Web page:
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This issue, we’re very lucky to have an interview with Elizabeth Loftus, the psychologist who has probably done more to alter the way we think about the formation and malleability of memories. Professor Loftus’s work has had a bearing on many legal issues, including the reliability of eyewitness testimony and identification, and ‘recovered’ memories of abuse. The interview was conducted by Professor Chris French, our former editor, earlier this year at Goldsmiths.
Nelson Jones has written how to make a saints; perhaps unsurprisingly, the best way appears to be to start with a Pope.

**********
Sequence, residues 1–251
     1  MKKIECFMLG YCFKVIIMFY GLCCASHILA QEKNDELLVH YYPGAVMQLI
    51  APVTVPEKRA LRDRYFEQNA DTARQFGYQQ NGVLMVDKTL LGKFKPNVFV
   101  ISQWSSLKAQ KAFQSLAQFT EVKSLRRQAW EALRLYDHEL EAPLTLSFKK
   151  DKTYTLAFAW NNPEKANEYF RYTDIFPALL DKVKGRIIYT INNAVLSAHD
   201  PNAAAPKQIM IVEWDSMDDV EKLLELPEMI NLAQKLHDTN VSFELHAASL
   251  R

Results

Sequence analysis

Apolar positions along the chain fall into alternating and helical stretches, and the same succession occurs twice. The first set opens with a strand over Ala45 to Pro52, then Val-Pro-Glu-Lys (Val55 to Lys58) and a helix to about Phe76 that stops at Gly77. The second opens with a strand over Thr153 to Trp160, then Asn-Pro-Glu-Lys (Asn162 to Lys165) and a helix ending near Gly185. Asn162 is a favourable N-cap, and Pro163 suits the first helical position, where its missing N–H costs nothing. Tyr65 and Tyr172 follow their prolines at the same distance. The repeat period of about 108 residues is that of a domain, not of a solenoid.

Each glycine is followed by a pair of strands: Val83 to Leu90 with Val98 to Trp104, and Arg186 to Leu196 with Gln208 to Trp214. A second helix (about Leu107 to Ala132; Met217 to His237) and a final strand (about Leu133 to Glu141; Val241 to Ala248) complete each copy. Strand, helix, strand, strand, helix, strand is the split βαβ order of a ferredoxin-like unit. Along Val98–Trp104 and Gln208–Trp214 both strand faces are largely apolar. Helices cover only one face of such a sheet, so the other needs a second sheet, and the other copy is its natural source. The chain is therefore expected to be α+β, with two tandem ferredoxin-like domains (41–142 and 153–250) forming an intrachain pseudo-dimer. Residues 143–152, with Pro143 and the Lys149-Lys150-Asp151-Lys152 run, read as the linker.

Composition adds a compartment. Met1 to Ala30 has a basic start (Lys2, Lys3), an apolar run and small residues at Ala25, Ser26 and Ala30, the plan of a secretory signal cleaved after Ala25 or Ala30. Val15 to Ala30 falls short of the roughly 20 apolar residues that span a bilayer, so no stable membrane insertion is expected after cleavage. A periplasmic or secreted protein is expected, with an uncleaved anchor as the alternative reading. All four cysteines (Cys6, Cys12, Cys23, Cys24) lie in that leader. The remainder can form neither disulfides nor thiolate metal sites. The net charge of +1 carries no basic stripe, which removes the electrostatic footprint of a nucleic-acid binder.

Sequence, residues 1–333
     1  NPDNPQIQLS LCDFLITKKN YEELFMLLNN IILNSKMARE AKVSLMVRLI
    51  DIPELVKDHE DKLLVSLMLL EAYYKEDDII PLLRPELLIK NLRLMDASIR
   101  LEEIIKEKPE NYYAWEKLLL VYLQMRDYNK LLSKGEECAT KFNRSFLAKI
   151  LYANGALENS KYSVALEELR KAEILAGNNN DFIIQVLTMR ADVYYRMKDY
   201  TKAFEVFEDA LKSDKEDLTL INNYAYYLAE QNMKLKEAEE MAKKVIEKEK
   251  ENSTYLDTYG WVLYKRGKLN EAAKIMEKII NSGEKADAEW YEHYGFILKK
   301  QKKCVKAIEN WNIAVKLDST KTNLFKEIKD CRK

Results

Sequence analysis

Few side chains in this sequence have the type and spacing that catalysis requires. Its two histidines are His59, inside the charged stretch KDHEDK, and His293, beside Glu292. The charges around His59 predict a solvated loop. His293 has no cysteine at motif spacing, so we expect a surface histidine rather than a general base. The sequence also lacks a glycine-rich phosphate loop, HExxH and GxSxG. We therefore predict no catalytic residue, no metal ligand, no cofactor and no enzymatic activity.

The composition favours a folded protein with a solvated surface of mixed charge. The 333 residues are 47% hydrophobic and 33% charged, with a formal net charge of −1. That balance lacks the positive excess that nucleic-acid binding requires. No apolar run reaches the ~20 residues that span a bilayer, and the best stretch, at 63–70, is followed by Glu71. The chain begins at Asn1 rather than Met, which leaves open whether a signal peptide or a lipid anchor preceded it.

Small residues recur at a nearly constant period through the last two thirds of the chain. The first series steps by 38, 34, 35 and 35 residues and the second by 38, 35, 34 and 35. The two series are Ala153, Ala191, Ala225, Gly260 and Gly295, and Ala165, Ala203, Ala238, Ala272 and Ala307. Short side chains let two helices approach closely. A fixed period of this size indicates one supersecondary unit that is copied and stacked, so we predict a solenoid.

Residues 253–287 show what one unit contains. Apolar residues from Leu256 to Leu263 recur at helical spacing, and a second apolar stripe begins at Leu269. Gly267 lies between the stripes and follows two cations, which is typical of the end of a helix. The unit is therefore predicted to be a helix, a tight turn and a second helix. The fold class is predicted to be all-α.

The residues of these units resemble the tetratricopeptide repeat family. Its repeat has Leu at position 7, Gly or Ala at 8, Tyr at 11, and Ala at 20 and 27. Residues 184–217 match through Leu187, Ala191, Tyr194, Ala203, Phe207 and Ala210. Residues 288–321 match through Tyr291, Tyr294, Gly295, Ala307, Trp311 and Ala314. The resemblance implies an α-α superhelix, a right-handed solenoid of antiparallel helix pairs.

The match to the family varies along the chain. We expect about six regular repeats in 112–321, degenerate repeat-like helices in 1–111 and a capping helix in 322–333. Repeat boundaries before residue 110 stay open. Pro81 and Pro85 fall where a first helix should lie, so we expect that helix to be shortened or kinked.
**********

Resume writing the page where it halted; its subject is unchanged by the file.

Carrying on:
Dr. John E. Bucker and Rebecca Anders-Buckner look at how disconfirming evidence may be assimilated by believers in extraterrestrial UFOs.
Alice Herron looks at how atheists deal with a common human event - the ‘mystical experience’.
Professor Brian Morris revisits the circumcision debate with a reply to Dr. Marianne Baker’s ‘The First Cut is the Deepest’, published in The Skeptic Winter 2012 issue.
There’s all the regular columns and content, including another visit from Brum Skeptics’ own Patrick Redmond. This issue’s ‘Skeptic in the Courtroom’ now debuts the second of our two resident legal columnists: Helen Dale blogs as skepticlawyer and is well known in sceptical circles in both Australia and the UK.
This, plus all the usual columns, cartoons and extras.